Living in interesting times – turn the ostrich into an opportunity

There’s an old Chinese curse. Actually, there are lots of Chinese curses, but the one that springs to mind and seems most appropriate for 2020 goes something like this … “may you live in interesting times!”

There’s an old Chinese curse. Actually, there are lots of Chinese curses, but the one that springs to mind and seems most appropriate for 2020 goes something like this … “may you live in interesting times!”

The origin of the curse is debatable, (is it really Chinese or just a fortune cookie prophecy?) but in 1966 Robert Kennedy gave a speech in Cape Town where he used the phrase but then went on to explain what he thought it meant.

“Interesting times,” he said, are “times of danger and uncertainty; but they are also the most creative of any time in the history of mankind.”

It’s a mad, mad world

We certainly are living in interesting times.

We’ve gone through riots and demonstrations around the world looking for democracy, freedom and human rights.

We’ve started trade wars and almost witnessed a real life world war.

We’ve witnessed a continent on fire!

We’ve ignored obscene breaches of human rights and had to endure the banality of “Brexit with Boris” – a twisted kind of children’s freak show.

And we’re still yawning our way through the long-running reality TV show with the orange one and two septuagenarians, called “Let’s Beat The Don” that’s fast become the divisive destruction of American democracy.

The power of a pandemic

As if this wasn’t enough, we now have to deal with a global pandemic. Or not deal with it depending on what and who you want to believe.

Attempts to limit the spread of COVID-19 now include unprecedented lockdowns, restrictions to international and national travel and something called ‘social distancing’ and ‘shelter-in-place.’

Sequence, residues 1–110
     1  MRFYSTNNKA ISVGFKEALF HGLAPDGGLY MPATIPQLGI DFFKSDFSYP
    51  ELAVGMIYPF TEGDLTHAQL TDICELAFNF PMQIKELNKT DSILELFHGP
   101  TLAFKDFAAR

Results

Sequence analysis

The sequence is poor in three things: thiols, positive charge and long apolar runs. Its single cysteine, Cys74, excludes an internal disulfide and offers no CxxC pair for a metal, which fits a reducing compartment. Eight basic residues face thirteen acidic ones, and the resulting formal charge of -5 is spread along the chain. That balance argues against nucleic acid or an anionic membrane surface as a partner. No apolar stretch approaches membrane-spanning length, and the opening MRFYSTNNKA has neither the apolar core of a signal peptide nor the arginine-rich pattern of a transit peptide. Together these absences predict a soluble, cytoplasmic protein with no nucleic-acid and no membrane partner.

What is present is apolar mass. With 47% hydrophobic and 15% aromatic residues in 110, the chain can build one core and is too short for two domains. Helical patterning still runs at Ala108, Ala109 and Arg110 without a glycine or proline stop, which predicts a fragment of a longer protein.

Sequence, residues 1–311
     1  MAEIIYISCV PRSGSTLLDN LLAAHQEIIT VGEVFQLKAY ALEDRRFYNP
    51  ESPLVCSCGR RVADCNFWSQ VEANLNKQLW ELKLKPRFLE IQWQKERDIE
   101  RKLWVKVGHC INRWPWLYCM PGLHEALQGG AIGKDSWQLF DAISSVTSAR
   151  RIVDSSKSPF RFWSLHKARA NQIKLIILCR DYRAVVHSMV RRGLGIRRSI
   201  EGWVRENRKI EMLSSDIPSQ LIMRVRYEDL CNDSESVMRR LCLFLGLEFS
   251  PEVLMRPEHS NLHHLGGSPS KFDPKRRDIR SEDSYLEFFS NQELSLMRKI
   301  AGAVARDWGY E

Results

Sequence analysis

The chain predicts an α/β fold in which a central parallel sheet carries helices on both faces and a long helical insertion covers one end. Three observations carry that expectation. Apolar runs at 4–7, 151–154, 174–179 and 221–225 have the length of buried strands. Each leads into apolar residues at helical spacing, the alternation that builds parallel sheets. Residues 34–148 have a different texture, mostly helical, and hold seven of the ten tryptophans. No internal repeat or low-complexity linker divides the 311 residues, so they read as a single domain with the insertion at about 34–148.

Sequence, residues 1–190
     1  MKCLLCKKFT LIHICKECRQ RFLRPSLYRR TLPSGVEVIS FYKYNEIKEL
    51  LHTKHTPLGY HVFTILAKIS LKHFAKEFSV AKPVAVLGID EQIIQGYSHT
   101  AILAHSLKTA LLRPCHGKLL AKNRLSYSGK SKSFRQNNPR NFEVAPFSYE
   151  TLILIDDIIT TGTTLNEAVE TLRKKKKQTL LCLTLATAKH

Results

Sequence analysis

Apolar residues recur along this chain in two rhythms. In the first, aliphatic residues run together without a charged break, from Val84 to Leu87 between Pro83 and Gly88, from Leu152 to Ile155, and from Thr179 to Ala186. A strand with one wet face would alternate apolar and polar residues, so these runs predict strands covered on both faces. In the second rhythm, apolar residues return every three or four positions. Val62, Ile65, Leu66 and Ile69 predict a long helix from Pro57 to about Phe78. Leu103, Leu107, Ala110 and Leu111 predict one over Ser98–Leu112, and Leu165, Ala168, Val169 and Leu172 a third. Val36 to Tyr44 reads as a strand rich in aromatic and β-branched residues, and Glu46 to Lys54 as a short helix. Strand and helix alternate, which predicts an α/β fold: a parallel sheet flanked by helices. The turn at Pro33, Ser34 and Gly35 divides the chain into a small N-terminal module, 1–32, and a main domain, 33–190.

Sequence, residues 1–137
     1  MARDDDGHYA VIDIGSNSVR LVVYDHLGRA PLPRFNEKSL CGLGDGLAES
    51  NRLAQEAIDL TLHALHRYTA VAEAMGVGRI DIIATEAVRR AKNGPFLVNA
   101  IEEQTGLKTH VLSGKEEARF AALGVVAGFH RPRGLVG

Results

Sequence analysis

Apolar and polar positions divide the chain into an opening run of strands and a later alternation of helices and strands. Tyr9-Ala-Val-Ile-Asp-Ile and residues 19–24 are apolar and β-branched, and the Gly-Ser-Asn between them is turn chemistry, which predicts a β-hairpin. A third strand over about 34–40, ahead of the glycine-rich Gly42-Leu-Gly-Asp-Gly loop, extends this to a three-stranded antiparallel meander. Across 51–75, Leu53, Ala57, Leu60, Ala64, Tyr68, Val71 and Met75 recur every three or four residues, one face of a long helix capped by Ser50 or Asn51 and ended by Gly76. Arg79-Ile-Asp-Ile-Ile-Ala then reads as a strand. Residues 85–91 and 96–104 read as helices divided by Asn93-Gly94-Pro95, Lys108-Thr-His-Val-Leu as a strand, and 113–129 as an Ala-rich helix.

This is affecting us all and Indonesia is by no means exempt.

Needless to say, the COVID-19 Pandemic has had, and will to continue to have, negative effects on our daily lives as well as local and global economies. Businesses, both big and small will have to learn to adapt to a new paradigm.

Positive mindsets benefit everyone

It’s difficult to say how long this emergency will last, but it will pass. And it’s important for us all to try and maintain a positive mindset until this happens.

This doesn’t mean ignoring recommendations and guidelines and acting as if nothing is wrong. This would be both foolish and irresponsible.

Whatever our opinions are, the fact that communities are being forced into unprecedented states of self-awareness is undeniable. We are all being asked to consider the greater good; for the benefit of our communities, encouraging us all to work together. Because, like it or not, we’re all in this together.

Don’t be an ostrich

The hospitality industry, especially in Bali and Lombok’s Gili’s, may be hardest hit as tourist arrivals plummet. But what hotels do in times of crisis also offers opportunity and lessons to learn across many business and investment sectors.

Accepting the reality of the situation is the first and most important thing to get to grips with. Burying your head in the sand will not make the problem disappear. Neither will panic and sharing unverified, fear mongering social media posts.

Historically in times of crisis, the hospitality industry doesn’t sell its assets, at least not generally. Hotels don’t just turn and run. They’re aware not only of their business interests but also of their commitments to communities.

Lessons to learn from hospitality

Operations downsize, for sure, but the most successful hotel operators, both domestic and international, use the downtime to literally re-evaluate systems and procedures, conduct maintenance and training and find ways to offer better services for when things get back to normal. Because they know things will recover. Eventually.

These are the lessons the hospitality industry can teach us all. And this is how Seven Stones Indonesia is trying to help our clients.

We’re encouraging them to use this global slowdown as a time to consolidate investments, to restructure and look at smarter ways to organize their businesses and to explore areas where opportunities are likely to appear.

It’s not a time to panic and not a time to bury ostrich heads in buckets of sand. The new paradigm means it’s time to be realistic so why not work creatively together?

It’s time to be aware of what we are as a society and it’s time be as positive as possible and to help each other.



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